Alternative version of the image designed to advertise the Pink Floyd back catalogue in 1997 designed by Storm Thorgerson. This is very similar to the actual version used. Storm Thorgerson recalled ‘We were asked to design a campaign image to advertise the back catalogue of Pink Floyd, well known popular music ensemble. Our resident black-frocked artiste, Finlay Cowan suggested humorously that we put Pink Floyd covers on the backs of female models. He laughed nervously, thinking that this was a bit on the obvious side. We decided to body paint the covers, rather than projection or compositing, which allows the contours to follow the attractive curves of the female models. In addition they would have course have to be unclothed, thus appealing to the testosterone levels. In order to display their backs more gracefully, they needed to sit somewhere, and the edge of a swimming pool seemed very natural. The poses adopted by the girls seemed equally natural. The finished artwork was used mainly as a poster, the alternate version you see here showed one of them slipping into the pool for a quick bathe. It is otherwise very similar to the published piece.‘This is a limited edition of 40 prints.
This print is signed by Storm Thorgerson
Storm Thorgerson – Pink Floyd Cover 1990s
Storm Thorgerson recalls “I consider this, unashamedly, to be one of the best things I’ve ever done. Can I say that? Not so much for the dialogue with the viewer and not so much for the implications of the third absent face i.e. that of Syd Barrett, formed by the two eyes looking at you, rather than at each other, but more because of the statues themselves, designed with wild-eyed Keith Breeden were very imposing in their own right, majestic, elegant and monolithic, standing eerily in the Fens of East Anglia.”This is a limited edition of 90 prints.
The available prints in this edition are signed by Storm Thorgerson.
Andrew Whittuck – Syd Barrett 1967S
Syd Barrett on an early photo shoot in London in June 1967, not long before recording Pink Floyd’s debut album.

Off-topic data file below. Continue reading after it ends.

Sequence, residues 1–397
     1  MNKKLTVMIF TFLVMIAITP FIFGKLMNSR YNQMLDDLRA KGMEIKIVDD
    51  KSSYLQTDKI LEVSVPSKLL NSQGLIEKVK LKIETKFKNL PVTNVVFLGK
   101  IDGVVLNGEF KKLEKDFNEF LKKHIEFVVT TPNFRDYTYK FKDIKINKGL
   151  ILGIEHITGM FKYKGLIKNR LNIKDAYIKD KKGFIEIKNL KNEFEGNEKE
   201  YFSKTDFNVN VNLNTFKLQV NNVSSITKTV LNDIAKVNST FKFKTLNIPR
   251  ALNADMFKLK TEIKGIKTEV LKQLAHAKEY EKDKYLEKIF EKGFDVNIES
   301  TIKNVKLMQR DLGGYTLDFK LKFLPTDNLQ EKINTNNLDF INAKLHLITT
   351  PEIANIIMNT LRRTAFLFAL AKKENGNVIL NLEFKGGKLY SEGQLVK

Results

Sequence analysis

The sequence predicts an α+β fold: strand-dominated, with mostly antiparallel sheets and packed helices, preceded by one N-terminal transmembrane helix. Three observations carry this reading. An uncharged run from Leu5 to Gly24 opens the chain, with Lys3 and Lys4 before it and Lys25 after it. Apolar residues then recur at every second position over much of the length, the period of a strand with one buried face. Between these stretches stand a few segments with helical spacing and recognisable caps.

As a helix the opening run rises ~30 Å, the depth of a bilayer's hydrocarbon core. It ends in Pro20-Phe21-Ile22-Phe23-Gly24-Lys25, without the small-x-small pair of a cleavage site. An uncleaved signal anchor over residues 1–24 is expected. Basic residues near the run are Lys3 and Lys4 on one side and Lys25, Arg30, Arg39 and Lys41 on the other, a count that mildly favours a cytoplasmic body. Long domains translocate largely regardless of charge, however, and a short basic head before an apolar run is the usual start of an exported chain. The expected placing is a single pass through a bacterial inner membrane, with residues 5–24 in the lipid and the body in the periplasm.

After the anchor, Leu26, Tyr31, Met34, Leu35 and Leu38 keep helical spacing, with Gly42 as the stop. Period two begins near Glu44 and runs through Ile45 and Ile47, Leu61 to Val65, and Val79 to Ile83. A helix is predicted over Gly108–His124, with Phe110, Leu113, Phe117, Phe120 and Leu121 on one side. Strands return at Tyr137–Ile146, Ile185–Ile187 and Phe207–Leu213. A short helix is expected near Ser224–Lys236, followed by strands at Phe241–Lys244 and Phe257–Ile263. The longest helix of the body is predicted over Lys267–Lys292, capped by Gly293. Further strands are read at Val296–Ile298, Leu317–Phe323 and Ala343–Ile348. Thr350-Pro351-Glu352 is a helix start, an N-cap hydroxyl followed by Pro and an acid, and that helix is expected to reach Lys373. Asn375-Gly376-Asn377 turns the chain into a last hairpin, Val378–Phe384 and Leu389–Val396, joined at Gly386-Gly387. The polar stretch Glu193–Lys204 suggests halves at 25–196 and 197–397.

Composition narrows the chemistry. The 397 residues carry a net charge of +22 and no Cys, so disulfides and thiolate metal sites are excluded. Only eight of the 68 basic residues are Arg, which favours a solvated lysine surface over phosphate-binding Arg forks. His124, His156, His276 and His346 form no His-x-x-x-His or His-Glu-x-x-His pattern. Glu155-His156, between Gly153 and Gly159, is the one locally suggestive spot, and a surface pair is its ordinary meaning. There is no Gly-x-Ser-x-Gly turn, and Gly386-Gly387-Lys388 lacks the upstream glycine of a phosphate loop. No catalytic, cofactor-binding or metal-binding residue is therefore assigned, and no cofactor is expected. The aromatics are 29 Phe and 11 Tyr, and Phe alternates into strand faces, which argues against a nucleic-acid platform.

Andrew Whittuck recalls “I had a friend who knew the Pink Floyd managers and they were keen for any publicity, since the Floyd had only been formed 18 months before. They all came to my studio/bedroom in my parents’ house in Hampstead with all their instruments and most importantly for me, with their lighting guy.”
Jill Furmanovsky – Pink Floyd New York 1980
David Gilmour’s superb guitar solo during ’Comfortably Numb’. This was shot during Pink Floyd’s The Wall Tour in New York in February 1980. “I like live shots. They are the most effective shots because they’re the only ones that show you doing what you do rather than posing for a camera.” (David Gilmour in ’The Moment’)The New York Times stated “‘The ‘Wall’ show remains a milestone in rock history though and there’s no point in denying it. Never again will one be able to accept the technical clumsiness, distorted sound and meagre visuals of most arena rock concerts as inevitable” and concluded that “the ‘Wall’ show will be the touchstone against which all future rock spectacles must be measured.”
Jill Furamanovsky – Pink Floyd – Dressing Room The Dome 1972
Jill Furmanovsky recalls, “One of a series of relaxed images taken by this very inexperienced photographer. At this point I was still a first year college student with no more than two weeks education in photography. The flash I was using did not cover the width of the lens and there is fall-off both to the left and to the right. However, it is a very rare band shot from that period, and such merits inclusion here.”Limited edition of 30 prints, signed by Jill Furmanovksy.